Tumor Necrosis Factor Blockers

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 by Edmund Tsui, MD on September 19, 2023.

Tumor Necrosis Factor Blockers

Tumor Necrosis Factor Blockers, commonly referred to as TNF-blockers, have become increasingly popular over the last decade as a treatment option for refractory non-infectious uveitis. In the article below we review the history of these drugs and the evidence supporting their use.

General Pathology/Pathophysiology/Mechanism of Action

Tumor Necrosis Factor (TNF) is a term used to describe a family of cytokines that have in common the ability to stimulate other cells to undergo programmed cell death, or apoptosis. The members of the TNF family include TNF-alpha, which has been demonstrated to be an important cytokine in the initiation and propagation of the normal and aberrant immune response, via mechanisms ranging from stimulation of other cytokines, to inflammatory cell recruitment, to alteration of vascular permeability.


The first TNF blocker on the world market was infliximab (Remicade, Centocor), closely followed by etanercept (Enbrel, Amgen), both in 1998. Adalimumab (Humira, Abbott) followed in 2002. These three drugs have all been studied for eye diseases, while the two newer entries into the market, golimumab (Simponi, Centocor) and certolizumab (Cimzia, UCB), have not been studied in eye inflammatory disease. Hence, the remainder of discussion below will focus on the former three biomedicines.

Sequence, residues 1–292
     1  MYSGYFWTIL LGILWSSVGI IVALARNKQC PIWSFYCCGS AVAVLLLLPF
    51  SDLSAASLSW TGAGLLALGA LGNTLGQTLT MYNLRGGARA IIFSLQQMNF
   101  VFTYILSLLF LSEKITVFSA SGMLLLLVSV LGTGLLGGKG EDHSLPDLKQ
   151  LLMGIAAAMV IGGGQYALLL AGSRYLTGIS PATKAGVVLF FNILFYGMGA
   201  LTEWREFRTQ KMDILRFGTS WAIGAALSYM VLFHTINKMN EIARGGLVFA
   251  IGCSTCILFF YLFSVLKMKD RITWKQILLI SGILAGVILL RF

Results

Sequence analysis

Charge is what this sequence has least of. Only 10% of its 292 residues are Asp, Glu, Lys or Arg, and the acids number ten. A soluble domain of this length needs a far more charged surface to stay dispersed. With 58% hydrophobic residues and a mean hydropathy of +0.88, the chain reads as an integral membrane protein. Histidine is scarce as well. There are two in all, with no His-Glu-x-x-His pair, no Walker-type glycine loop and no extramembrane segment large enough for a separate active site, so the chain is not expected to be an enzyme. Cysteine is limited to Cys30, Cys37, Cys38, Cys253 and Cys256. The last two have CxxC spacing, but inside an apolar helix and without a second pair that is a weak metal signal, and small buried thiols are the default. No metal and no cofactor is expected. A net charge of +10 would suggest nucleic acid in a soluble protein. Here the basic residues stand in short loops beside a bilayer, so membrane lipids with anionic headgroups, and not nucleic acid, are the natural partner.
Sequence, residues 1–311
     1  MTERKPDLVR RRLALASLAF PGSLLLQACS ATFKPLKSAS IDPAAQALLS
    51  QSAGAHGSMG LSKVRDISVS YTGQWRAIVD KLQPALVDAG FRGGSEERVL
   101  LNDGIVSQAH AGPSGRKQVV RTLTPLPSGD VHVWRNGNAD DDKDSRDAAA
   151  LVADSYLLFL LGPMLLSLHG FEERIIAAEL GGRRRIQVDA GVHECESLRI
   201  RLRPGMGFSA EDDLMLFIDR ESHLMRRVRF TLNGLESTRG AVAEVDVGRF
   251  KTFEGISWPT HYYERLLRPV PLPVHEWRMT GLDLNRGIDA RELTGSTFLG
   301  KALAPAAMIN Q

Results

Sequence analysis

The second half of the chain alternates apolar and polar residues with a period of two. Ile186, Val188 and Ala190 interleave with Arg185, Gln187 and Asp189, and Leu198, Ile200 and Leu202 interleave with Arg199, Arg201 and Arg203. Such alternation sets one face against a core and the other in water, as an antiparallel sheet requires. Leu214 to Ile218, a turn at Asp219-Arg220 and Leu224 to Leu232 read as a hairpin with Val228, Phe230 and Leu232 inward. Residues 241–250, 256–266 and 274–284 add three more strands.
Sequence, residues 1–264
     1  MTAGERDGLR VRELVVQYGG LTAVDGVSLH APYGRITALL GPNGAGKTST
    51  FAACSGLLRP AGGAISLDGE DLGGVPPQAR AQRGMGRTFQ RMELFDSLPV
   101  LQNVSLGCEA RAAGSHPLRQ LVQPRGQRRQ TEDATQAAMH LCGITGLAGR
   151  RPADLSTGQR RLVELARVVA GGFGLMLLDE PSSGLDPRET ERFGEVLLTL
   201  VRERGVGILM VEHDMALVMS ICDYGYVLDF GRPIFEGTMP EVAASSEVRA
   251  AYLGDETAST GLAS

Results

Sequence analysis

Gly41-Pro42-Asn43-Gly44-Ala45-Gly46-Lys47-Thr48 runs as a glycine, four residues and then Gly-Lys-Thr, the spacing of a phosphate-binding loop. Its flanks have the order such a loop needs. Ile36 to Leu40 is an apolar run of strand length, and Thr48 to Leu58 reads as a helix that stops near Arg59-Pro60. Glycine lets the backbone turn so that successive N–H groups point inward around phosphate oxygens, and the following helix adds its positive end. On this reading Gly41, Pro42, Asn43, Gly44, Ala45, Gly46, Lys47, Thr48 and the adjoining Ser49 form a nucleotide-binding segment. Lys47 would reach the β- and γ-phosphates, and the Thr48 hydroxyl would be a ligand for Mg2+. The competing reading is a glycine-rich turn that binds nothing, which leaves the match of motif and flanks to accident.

Etanercept is a fusion protein, with Fc portion of a human IgG1 molecule fused to two P75 receptor domains for TNF, As a soluble molecule it is able to capture and neutralize free TNF in a biologic milieu, but unlike the other TNF blockers which are monoclonal antibodies, it cannot bind cell-surface expressed TNF. Etanercept also binds Lymphotoxin A, formerly known as TNF-beta; the monoclonal antibodies bind TNF-alpha only with high avidity.

Etanercept is delivered as a twice-weekly subcutaneous injection, though more recently a once-weekly formulation has been used. It is a fusion protein comprised of the Fc portion of a human IgG1 molecule and two P75 receptor fragments for TNF. In addition to binding TNF-alpha, Etanercept is able to bind lymphotoxin-A (formerly known as TNF-beta). As a fusion protein it is able to bind free TNF but is unable to bind TNF expressed on cell surfaces and is unable to bind complement.

Infliximab is a chimeric (human-murine) monoclonal antibody. Like the other monoclonal antibodies in this class, it binds TNF-alpha exclusively and is able to so with both free and cell-surface expressed TNF-alpha. Infliximab is administered intravenously in three loading doses at weeks 0, 2, and 6, and then administered every 4-8 weeks.

Adalimumab is similar to infliximab in that it is a monoclonal antibody, but differs in that it is a fully human molecule, and in that it is administered subcutaneously every 2 weeks, though some clinicians use this medication weekly. Patients may elect to draw up adalimumab and inject it subcutaneously via syringe, pre-filled pen, or prefilled pen in a citrate free formulation that is noted to be less painful.[1]